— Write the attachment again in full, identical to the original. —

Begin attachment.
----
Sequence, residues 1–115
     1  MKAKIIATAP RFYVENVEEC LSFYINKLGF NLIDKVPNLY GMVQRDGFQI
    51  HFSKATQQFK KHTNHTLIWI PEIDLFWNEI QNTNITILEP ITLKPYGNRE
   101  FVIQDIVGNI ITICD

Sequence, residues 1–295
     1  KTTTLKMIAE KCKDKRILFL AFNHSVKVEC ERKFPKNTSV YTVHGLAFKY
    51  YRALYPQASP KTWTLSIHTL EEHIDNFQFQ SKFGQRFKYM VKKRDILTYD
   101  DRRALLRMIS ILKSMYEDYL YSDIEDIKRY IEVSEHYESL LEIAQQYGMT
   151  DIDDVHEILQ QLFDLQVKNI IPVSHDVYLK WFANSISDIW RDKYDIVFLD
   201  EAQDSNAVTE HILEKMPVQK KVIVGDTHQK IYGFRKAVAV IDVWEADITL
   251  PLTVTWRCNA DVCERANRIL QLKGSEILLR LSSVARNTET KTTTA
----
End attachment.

Sequence, residues 1–115
     1  MKAKIIATAP RFYVENVEEC LSFYINKLGF NLIDKVPNLY GMVQRDGFQI
    51  HFSKATQQFK KHTNHTLIWI PEIDLFWNEI QNTNITILEP ITLKPYGNRE
   101  FVIQDIVGNI ITICD

Sequence, residues 1–295
     1  KTTTLKMIAE KCKDKRILFL AFNHSVKVEC ERKFPKNTSV YTVHGLAFKY
    51  YRALYPQASP KTWTLSIHTL EEHIDNFQFQ SKFGQRFKYM VKKRDILTYD
   101  DRRALLRMIS ILKSMYEDYL YSDIEDIKRY IEVSEHYESL LEIAQQYGMT
   151  DIDDVHEILQ QLFDLQVKNI IPVSHDVYLK WFANSISDIW RDKYDIVFLD
   201  EAQDSNAVTE HILEKMPVQK KVIVGDTHQK IYGFRKAVAV IDVWEADITL
   251  PLTVTWRCNA DVCERANRIL QLKGSEILLR LSSVARNTET KTTTA